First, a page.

Valera's reunion with childhood friend Freeman is represented by two tracks—Felix Miranda's "El Aji de Cocina," and the popular bolero, "Dos Gardenias Para Ti." The latter, made famous worldwide by legendary singer Miguel Ferrer, is a familiar tune to international listeners through its recording by Buena Vista Social Club. Freeman's approach to the tune is starkly different from Ferrer's, with Valera's harmony and solo work providing that degree of separation. Freeman tends to sing just behind the beat, giving the tune a different feel from the classic recording of Ferrer. The band plays the tune with a looser handle on the overall cadence employed, far less rigid in form than previous recordings of this classic tune. It allows both Freeman and Valera to fill in the void creatively with added spontaneity. Freeman as a singer is a strong, emotive presence, as always.

Valera delves into the classic Sergio Eulogio Gonzalez Siaba composition, "El Cuarto de Tula," with great intensity. His sweeping chordal passages define the opening verses, with Cascante digging in both melodically and narratively. The upbeat clave provides Valera a perfect space to display his extraordinary skills as a soloist and master of his instrument. While the wildly danceable rhythms of the music may be what initially draws many to it, it is ultimately Valera's playing that appeals most to jazz fans. In the end, it is the degree of separation between this recording, and many equally superb albums within the latin jazz community over decades of time.

An interesting aspect of this record that needs to be mentioned, is the superb trumpet pairings employed. While these are first and second trumpet parts without much solo work, where Valera places them within the arrangements is crucial to the overall dynamics of the music. It is a driving force within the machination of the band. The pairing of Michael Rodriguez and Jonathan Powell's elegant lines within the arrangement of "Muñequita Feliz," including the former's solo, stands out. Northwest Salsa artist Joshuah de Jesus adds his vocals to create a beatific call and response. The duo of Brian Lynch and Thomas Marriott on "Pájaro Lindo" brings a very visual quality to the tune so marvelously presented by vocalist Cascante.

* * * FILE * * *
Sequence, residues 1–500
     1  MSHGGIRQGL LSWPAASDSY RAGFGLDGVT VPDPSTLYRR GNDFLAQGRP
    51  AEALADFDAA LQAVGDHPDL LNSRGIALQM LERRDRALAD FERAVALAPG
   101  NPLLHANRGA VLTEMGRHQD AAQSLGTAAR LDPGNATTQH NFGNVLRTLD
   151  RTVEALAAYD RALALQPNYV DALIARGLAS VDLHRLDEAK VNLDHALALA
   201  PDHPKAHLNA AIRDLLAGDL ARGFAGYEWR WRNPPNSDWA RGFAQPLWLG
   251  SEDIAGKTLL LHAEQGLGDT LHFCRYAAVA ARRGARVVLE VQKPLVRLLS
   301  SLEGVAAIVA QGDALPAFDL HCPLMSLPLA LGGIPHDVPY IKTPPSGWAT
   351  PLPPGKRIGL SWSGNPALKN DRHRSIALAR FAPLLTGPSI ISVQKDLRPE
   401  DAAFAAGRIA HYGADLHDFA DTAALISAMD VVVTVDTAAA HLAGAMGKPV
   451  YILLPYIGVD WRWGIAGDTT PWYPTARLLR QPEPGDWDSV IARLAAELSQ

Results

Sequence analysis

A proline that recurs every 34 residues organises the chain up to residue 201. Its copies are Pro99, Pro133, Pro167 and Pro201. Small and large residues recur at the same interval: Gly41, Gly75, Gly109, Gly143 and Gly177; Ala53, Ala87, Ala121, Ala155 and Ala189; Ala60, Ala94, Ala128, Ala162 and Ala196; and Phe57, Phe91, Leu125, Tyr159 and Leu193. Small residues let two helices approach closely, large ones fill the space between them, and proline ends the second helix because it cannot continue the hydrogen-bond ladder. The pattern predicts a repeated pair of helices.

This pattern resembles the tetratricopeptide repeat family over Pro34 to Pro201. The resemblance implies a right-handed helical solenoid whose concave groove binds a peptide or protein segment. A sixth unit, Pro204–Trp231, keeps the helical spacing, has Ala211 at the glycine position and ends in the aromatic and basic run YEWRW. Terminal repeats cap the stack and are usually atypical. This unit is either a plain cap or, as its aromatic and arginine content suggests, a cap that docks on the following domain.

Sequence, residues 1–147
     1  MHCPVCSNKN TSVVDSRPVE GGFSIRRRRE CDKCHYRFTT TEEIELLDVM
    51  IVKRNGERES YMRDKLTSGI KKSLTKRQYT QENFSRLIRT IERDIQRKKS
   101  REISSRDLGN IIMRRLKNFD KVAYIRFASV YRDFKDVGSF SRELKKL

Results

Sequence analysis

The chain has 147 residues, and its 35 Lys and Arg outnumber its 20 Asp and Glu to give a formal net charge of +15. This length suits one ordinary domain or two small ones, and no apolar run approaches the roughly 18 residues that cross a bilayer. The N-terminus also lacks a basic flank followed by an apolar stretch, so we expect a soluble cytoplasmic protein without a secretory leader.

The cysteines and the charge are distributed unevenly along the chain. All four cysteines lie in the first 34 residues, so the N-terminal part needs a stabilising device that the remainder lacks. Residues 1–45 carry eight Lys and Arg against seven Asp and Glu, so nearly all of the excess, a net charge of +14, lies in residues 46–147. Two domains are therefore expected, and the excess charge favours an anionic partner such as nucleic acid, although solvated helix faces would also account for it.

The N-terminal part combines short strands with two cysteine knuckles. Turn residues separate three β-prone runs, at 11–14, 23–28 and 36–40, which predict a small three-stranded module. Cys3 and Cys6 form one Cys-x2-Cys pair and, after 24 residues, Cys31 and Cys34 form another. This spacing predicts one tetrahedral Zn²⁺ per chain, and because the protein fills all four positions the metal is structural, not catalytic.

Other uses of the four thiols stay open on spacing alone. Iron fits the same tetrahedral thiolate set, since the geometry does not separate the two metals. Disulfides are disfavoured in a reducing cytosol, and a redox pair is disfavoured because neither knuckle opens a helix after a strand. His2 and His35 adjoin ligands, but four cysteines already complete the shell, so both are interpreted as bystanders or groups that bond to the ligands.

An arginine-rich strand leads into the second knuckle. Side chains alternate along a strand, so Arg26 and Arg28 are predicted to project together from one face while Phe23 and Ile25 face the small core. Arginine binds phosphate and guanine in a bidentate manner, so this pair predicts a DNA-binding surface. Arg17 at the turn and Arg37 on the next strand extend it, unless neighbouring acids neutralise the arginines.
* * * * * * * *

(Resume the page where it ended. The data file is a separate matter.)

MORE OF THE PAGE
The arrangements by Valera covering classics, some of which are familial, are colorful and jazz influenced much in the same way that his cuatro playing echoes with jazz adventurism beyond the anticipated musical values of Son Cubano. This is a significant accomplishment considering that the majority of the album's songs are Cuban standards and held in a very high place.

When Valera first came upon the cuatro, he became intrigued with the instrument to such a degree that he taught himself to play in a non-traditional way, inventing his own fingerings and tunings. The instrument had a fourth set of strings compared to the traditional Cuban tres, and a unique projectile sound apart from the guitar. It was an adventure for the young Cuban musician who was listening as much to Wes Montgomery, Pat Metheny and Chick Corea as he was to the music his family had pioneered and helped present to the world. Perhaps this is why his jazz sensibilities blend so naturally into the fabric of this marvelous music from the hill country of Cuba. After all, for Valera, it has been an intrepid journey all along.

Track Listing

Este Vacilón; El Ají de Cocina; Sobre una Tumba una Rumba; El Penquito e’ Coleto; Funfuñando; La Guajira; Mari-Juana; Muñequita Feliz; El Empanadillero; Pájaro Lindo; Dos Gardenias; El Cuarto de Tula


Album information

Title: Vacilón Santiaguero | Year Released: 2024 | Record Label: Circle 9 Records